Employment tax reporting – are you making the most of the opportunity?

It’s not just duties and deadlines

It’s not just duties and deadlines

As we approach the tax year-end, employment tax and payroll teams will inevitably focus on employer reporting obligations. But viewing the year-end solely in terms of duties and deadlines – as nothing more than an administrative job to be done – misses an important opportunity. The end of the tax year is the ideal time not only to review the year just gone, but also to plan your approach to future developments. This article summarises key year-end tasks and deadlines, and signposts prospective developments to consider as you think about the year ahead.

What do I need to think about for my 2023/24 employer compliance?

Key actions and deadlines for 2023/24 employer year-end compliance are summarised below:

Key action

On or before

Register with the HMRC’s voluntary payrolling benefits and expenses online service for 2024/25

5 April 2024

Provide employee statements of any voluntarily payrolled benefits and expenses for 2023/24

1 June 2024

Agree a PAYE Settlement Agreement (PSA) (or change items covered by an existing PSA) for 2023/24

5 July 2024

Submit forms P11D and P11D(b) for 2023/24 and pay associated Class 1A NIC

6 July 2024

Report relevant post-termination benefits provided during 2023/24

6 July 2024

Register any new share plans (or other reportable arrangements) and submit any required employment-related securities returns  (including nil returns) for 2023/24

6 July 2024

Report relevant benefits provided under an Employer-Financed Retirement Benefits Scheme during 2023/24

7 July 2024

Submit PSA computations for 2023/24 (HMRC usually impose this as a contractual deadline, but it might be possible to agree a later date)

31 July 2024

Pay tax/Class 1B NIC liability for PSA 2023/24 by post

19 October 2024

Pay tax/Class 1B NIC liability for PSA 2023/24 online

22 October 2024

How can I get ‘future ready’?

There are some general trends to consider.

HMRC increasingly scrutinise the integrity of company data and the processes, controls, and governance that underly year-end compliance. So as we move into the next tax year, it’s important to think critically about how the data you collect and curate, and your processes, controls and governance for working with it, might need to adapt to meet foreseeable demands in the years ahead.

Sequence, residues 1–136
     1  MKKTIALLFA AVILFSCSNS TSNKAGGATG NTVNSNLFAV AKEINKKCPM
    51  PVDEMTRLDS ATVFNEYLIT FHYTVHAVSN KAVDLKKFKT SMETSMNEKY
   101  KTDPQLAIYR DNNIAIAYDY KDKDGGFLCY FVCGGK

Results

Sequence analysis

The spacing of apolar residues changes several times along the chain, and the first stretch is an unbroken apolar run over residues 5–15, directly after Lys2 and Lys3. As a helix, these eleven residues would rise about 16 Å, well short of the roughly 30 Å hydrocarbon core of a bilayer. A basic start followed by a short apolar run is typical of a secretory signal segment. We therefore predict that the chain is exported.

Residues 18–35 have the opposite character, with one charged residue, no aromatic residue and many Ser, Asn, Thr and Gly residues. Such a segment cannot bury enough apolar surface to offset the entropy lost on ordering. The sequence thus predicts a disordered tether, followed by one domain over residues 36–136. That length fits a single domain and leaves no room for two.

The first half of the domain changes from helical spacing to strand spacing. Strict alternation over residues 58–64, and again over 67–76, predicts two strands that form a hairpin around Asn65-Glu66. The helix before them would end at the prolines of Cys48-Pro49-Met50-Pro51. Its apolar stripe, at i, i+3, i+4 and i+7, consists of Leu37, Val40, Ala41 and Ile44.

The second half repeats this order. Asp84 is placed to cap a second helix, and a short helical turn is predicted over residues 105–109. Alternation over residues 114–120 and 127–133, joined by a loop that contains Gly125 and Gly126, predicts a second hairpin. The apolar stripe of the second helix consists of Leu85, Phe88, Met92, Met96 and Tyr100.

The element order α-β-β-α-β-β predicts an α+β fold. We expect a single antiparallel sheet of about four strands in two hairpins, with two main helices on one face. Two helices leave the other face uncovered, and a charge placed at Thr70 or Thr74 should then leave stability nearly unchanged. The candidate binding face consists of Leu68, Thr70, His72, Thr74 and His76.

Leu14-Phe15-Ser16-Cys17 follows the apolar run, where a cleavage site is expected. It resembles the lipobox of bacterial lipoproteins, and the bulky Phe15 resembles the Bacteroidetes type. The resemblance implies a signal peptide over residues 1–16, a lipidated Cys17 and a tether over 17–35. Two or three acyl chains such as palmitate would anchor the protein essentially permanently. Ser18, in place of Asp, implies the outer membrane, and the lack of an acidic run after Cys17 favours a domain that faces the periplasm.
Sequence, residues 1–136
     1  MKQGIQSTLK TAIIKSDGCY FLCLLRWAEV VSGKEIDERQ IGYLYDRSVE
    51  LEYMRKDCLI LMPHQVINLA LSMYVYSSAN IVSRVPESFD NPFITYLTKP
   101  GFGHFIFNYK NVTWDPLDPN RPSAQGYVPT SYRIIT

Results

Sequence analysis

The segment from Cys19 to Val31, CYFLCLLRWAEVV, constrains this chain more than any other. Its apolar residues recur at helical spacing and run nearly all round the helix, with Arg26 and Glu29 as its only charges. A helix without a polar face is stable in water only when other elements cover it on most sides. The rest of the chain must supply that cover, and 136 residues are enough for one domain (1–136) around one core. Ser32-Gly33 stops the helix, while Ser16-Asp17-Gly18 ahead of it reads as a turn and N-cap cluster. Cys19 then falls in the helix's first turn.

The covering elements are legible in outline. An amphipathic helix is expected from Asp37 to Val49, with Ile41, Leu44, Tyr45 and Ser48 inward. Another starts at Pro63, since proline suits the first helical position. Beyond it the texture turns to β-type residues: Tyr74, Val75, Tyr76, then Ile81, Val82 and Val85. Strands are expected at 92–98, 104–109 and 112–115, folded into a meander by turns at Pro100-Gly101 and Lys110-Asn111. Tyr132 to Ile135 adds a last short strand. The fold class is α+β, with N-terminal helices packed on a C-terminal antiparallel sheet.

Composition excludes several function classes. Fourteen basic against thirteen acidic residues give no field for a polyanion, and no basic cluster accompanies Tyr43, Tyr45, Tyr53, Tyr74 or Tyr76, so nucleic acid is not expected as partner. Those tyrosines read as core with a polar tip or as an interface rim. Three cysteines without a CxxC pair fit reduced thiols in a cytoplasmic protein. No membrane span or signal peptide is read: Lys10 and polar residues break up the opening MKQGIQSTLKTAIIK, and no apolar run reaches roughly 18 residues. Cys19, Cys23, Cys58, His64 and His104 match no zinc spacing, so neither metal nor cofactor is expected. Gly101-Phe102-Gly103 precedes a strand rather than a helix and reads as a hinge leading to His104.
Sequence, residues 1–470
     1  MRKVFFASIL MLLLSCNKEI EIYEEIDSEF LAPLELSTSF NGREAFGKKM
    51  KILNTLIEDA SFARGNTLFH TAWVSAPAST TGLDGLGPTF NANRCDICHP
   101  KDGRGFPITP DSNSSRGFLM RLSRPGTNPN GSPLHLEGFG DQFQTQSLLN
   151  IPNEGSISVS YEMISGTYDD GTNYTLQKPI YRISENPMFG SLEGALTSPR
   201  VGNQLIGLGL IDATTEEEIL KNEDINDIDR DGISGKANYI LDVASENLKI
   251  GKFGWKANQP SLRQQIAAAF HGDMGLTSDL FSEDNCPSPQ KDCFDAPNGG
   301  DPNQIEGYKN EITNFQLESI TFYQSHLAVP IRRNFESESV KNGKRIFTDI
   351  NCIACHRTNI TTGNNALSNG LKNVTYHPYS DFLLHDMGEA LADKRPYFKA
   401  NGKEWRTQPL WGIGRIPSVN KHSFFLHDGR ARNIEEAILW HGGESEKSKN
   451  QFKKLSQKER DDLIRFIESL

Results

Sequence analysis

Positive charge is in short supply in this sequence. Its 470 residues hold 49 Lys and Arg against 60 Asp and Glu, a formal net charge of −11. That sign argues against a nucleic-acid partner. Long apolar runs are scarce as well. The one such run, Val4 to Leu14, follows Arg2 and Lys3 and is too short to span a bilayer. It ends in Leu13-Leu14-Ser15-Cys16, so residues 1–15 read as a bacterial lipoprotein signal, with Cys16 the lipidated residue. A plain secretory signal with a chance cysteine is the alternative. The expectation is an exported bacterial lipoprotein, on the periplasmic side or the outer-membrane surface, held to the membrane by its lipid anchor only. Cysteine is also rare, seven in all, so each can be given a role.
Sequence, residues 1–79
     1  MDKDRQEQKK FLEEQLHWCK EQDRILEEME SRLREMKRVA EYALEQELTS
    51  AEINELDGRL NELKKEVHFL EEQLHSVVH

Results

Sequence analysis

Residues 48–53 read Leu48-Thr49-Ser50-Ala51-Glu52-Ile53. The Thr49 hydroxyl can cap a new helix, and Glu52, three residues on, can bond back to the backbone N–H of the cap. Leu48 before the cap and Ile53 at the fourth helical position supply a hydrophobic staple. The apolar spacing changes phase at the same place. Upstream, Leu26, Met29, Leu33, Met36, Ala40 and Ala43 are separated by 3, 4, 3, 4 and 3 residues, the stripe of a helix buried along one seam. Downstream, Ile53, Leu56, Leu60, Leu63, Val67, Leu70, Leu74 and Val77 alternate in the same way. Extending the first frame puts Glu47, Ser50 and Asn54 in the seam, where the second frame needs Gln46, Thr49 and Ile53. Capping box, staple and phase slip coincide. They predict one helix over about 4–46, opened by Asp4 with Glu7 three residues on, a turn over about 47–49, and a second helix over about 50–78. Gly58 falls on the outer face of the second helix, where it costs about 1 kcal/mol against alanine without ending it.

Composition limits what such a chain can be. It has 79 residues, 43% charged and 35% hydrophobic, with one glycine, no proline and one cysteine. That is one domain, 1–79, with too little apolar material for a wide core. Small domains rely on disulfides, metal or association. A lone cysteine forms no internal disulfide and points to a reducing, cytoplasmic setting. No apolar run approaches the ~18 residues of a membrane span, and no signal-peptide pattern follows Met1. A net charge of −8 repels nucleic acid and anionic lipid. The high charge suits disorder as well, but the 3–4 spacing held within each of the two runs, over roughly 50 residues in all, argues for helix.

It’s also important to challenge whether you’re maximising the value you get from your year-end data, and benefiting from any additional workforce insights it could yield. For example, are you investing appropriately in automation, to minimise the demands that high volume repetitive processes (e.g. PSA preparation) place on your people and free their time for higher value activities? Also, have you started to think about how advances in Artificial Intelligence could enhance the value that your payroll function generates?

There are also specific issues to prepare for – and some possible developments to monitor – that could impact your employee reward, employment tax, and payroll strategies and operations. Some key prospective developments, not all of which will be relevant to all employers, are summarised in the table below.


Prospective developments and potential actions

6 April 2024


A number of changes come into effect at the start of the next tax year – the reduction in employee’s NIC, the new Off-Payroll Working offset (see our thoughts on what organisations could consider to get ready), and changes to the Construction Industry Scheme treatment of certain payments from landlords to tenants, and to the gross payment status tests.